Industry Groups Urge PBGC to Rethink Shutdown Enforcement

June 9, 2014 ( – Several industry groups have expressed concern about the Pension Benefit Guaranty Corporation’s (PBGC) enforcement approach with companies that have operations shut down.

In a letter to PBGC board members, the groups contend enforcement actions with respect to Employee Retirement Income Security Act (ERISA) Section 4062(e) is not consistent with the law, and that is adversely affecting critical business transactions needed for companies to recover. “The enforcement is costing businesses hundreds of millions of dollars, diverting assets from business investments and jobs. Even worse in some cases, the PBGC’s actions are preventing important business transactions from occurring at all, stopping companies from selling unneeded or unprofitable facilities and from achieving efficiencies by consolidating operations.

“The business transactions being stopped by the PBGC pose no meaningful risk to the PBGC and are essential to a functioning business world where such transactions can facilitate our economic recovery. In fact, by facilitating economic recovery, these transactions not only help the country generally, but also protect PBGC from incurring new liabilities, which can occur when a company fails,” the groups wrote in their letter.

The letter notes that in the summer of 2010, the PBGC issued proposed regulations under section 4062(e) under which pension liability can be triggered where just one of multiple operations of an employer is shut down with the facility remaining open and operational—or even where no operations are shut down, but rather operations are, for example, (1) transferred to another employer, (2) moved to another location, or (3) temporarily suspended for a few weeks to repair or improve a facility. The groups say the proposed regulations are not only inconsistent with the statute—which they say was clearly intended to apply to situations where all operations at a facility are shut down, but are also inconsistent with published PBGC guidance and many years of historical enforcement practices. In addition, they say under the PBGC’s current approach, the liability for employers can be vastly out of proportion with the transactions that give rise to the liability. For example, in many cases, a de minimis routine business transaction affecting far less than 1% of an employer’s employees can trigger hundreds of millions of dollars of liability, even in situations where a plan poses no meaningful risk to the PBGC.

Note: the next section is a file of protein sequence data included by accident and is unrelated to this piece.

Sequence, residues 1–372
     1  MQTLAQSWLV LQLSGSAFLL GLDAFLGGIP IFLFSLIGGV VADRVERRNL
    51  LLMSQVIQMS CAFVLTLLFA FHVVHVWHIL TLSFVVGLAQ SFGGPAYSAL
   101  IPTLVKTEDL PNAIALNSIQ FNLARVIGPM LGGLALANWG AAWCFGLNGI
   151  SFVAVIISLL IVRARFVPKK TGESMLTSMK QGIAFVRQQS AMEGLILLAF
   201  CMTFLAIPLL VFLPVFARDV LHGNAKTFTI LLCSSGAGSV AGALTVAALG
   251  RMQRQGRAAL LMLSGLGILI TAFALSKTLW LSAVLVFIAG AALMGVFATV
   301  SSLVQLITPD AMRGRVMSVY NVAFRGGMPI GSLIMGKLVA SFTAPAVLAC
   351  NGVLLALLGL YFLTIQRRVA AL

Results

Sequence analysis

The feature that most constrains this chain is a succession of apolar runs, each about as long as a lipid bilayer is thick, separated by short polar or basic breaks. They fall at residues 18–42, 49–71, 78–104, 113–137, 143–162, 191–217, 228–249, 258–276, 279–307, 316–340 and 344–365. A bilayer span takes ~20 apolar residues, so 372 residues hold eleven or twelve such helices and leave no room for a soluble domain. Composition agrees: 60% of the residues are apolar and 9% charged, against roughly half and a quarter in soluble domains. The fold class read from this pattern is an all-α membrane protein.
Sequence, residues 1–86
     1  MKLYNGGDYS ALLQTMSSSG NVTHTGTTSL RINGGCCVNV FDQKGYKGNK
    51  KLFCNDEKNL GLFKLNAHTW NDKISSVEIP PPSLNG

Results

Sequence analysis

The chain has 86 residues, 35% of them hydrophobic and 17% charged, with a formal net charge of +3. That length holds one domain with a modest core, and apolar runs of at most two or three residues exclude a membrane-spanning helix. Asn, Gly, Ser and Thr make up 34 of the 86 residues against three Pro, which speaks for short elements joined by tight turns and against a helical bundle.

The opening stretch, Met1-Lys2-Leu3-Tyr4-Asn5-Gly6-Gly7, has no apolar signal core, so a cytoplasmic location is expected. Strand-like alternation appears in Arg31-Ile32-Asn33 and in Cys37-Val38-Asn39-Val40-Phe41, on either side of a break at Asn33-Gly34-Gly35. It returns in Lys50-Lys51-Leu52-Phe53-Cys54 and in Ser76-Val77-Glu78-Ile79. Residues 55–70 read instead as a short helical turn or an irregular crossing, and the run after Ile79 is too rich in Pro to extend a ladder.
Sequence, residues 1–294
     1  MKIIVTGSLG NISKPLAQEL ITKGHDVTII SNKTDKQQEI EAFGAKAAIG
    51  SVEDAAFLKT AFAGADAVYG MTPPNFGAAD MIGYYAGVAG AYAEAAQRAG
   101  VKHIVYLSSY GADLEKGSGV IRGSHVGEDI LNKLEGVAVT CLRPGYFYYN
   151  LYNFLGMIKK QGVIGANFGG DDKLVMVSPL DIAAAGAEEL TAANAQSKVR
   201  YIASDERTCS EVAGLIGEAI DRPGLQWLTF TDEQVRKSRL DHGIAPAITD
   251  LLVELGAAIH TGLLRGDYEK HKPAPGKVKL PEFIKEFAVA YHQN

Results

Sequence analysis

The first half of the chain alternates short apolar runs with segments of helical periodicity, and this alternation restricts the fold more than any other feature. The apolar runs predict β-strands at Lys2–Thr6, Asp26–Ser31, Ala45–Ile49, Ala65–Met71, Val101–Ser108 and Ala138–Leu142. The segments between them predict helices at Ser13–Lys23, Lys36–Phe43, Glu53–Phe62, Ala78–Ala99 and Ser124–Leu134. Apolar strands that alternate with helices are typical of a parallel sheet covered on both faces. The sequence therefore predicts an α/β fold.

The groups also argue PBGC’s decision to exempt “creditworthy” companies and small plans from its otherwise applicable enforcement position (see “PBGC Announces Shutdown Enforcement Changes”) does not adequately address companies’ concerns, regardless of whether they may be currently creditworthy. “For example, no company, even a company that is strong today, wants to face a future where if the company confronts financial challenges, it may suddenly have a large PBGC liability for a previous business transaction, or be severely limited in its ability to engage in helpful future business transactions. And ironically, for companies that fail to satisfy PBGC’s creditworthiness test, the application of section 4062(e) and the resulting new liabilities can severely harm the company’s recovery,” the groups wrote.

The letter was signed by the American Benefits Council, the American Society of Pension Professionals & Actuaries (ASPPA) College of Pension Actuaries, the Committee on Benefits Finance, Financial Executives International, and the Committee on Investment of Employee Benefit Assets (CIEBA). It may be downloaded from here.